My whole life I’ve enjoyed reading non-fiction when I can find the time. Particularly historical works, and mostly focused on a couple specific time periods I was interested in. But something delightful that’s happened in the last year or two is that as I’ve traveled more, it’s opened up different stories that I want to explore further.
As I talk to people in a new country, take tours, and visit historical sites, I get just a tease of a story. A taste, if you will. And it makes me want to know the whole story.
The Long History & Recent Ascension of Argentina’s Wine Industry
Sometimes I get a recommendation from a local, which is the case here. Last spring, Sarai and I spent an amazing week in Argentina, including two days of winery tours in Mendoza. Ivan was our guide both days, and he did a great job showing us his love of Argentina, the history, the people, and the wine. He recommended this book to us in case we wanted to learn more about Nicolas Catena, Susanna Balbo, and many of the other winemakers who built the global modern-day Argentina’s wine industry—and I did.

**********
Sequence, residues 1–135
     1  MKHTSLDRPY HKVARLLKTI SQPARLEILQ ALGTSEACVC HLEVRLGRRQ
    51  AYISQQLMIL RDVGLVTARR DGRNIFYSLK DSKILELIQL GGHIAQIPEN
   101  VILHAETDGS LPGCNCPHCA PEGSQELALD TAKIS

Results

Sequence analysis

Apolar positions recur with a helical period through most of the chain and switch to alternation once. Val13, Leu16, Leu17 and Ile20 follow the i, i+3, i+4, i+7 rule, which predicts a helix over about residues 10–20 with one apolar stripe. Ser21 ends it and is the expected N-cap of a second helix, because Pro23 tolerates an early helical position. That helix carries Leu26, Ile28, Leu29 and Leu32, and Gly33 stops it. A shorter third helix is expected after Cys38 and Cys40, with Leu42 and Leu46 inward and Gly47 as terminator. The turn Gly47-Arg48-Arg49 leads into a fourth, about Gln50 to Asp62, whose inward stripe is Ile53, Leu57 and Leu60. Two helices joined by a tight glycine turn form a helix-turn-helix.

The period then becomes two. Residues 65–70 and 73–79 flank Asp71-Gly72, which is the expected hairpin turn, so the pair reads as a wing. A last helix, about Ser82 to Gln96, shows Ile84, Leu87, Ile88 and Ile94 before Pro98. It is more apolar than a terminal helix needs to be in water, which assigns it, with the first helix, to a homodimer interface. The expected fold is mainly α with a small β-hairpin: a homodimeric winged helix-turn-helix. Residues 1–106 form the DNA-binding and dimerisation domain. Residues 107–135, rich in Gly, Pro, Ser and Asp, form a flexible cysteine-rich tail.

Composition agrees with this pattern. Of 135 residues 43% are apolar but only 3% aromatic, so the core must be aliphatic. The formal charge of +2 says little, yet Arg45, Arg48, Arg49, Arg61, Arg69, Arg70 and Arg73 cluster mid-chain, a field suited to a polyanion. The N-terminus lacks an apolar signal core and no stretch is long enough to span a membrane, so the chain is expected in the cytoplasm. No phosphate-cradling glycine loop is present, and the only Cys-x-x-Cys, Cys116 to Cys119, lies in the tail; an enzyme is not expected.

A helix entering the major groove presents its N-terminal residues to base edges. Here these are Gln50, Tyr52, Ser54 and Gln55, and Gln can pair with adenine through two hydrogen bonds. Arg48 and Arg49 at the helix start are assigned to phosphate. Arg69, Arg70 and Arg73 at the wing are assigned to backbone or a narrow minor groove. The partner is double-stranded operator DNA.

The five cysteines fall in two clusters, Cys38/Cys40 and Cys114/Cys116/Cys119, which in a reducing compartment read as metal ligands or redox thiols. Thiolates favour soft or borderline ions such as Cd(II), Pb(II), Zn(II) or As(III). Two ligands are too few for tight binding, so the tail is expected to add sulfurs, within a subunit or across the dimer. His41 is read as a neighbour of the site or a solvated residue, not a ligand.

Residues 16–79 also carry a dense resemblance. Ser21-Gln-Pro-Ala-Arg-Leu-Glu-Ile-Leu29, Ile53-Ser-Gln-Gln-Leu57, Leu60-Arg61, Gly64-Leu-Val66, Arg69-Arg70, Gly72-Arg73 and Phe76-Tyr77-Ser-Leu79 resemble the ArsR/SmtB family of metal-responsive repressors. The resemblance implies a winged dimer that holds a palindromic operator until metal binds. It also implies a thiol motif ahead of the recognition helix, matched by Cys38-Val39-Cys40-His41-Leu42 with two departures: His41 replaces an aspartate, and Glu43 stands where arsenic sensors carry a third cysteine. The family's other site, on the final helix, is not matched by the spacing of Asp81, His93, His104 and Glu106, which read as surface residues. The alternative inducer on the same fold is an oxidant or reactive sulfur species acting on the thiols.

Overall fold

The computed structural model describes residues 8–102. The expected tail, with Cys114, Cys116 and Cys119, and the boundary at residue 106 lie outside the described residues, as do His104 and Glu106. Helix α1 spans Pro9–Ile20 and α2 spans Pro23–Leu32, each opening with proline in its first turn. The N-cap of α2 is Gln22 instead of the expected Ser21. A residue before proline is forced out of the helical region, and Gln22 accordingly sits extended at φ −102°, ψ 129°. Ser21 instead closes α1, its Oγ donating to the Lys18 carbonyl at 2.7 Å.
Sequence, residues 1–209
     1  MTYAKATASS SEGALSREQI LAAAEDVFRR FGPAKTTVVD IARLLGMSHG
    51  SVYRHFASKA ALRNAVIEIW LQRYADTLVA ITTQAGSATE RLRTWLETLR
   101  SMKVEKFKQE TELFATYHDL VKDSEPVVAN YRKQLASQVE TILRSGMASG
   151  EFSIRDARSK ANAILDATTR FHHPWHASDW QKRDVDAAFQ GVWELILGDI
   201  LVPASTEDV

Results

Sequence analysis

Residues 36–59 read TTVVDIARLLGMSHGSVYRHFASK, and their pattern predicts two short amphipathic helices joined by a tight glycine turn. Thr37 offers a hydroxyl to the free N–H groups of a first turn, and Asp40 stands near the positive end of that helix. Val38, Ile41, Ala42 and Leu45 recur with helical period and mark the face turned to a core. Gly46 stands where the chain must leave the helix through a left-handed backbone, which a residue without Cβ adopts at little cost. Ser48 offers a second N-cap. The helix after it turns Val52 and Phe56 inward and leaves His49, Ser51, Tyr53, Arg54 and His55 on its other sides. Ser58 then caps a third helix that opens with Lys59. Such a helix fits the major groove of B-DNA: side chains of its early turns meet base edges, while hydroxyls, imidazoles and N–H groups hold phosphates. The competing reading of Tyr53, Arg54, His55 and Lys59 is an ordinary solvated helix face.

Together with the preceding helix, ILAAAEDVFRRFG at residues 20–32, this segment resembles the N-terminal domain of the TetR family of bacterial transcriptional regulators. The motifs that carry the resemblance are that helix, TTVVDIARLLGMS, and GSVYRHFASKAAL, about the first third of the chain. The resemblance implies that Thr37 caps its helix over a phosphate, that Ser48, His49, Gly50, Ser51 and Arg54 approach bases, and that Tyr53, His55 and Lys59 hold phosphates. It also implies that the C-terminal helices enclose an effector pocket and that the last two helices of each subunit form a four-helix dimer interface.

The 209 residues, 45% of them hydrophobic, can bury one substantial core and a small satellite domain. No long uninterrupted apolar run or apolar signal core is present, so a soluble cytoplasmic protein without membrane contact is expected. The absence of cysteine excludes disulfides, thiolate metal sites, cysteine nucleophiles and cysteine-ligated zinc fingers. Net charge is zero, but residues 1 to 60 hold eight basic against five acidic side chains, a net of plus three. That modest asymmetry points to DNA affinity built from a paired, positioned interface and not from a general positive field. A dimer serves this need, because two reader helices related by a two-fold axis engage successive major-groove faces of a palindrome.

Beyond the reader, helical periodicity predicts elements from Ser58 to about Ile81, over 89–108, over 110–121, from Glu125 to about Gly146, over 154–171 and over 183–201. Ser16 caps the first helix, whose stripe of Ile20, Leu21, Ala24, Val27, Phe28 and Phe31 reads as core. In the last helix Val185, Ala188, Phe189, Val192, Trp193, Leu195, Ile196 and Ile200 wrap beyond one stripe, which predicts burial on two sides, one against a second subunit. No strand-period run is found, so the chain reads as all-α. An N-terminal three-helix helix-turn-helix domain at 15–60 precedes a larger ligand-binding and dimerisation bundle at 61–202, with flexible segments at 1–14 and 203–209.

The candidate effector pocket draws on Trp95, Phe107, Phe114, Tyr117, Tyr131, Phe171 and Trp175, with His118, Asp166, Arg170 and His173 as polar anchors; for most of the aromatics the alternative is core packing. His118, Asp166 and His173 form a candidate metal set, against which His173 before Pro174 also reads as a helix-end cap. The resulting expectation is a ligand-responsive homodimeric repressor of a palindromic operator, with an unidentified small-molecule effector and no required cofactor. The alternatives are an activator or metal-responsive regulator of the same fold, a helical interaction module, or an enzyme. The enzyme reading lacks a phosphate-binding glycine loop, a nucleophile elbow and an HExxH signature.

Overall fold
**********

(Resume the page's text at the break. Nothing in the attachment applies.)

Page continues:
While the book spends a little bit of time early on with the Spanish conquest and the native people, the majority of the narrative takes place in the 1900s and 2000s. I was fascinated to realize just how recently Argentina’s wine became good, and became known outside of the country. I mean, it’s really just in the last 20-30 years that Argentinean Malbec came into our lives. Given its ubiquity now, that’s crazy!
A blend of history, the science and tech of winemaking, and personality drama, The Vineyard at the End of the World was a great read, and I recommend it if you’re interested in the wine industry at all!
Disclaimer: these are affiliate links so I may make a few cents if you decide to purchase the book
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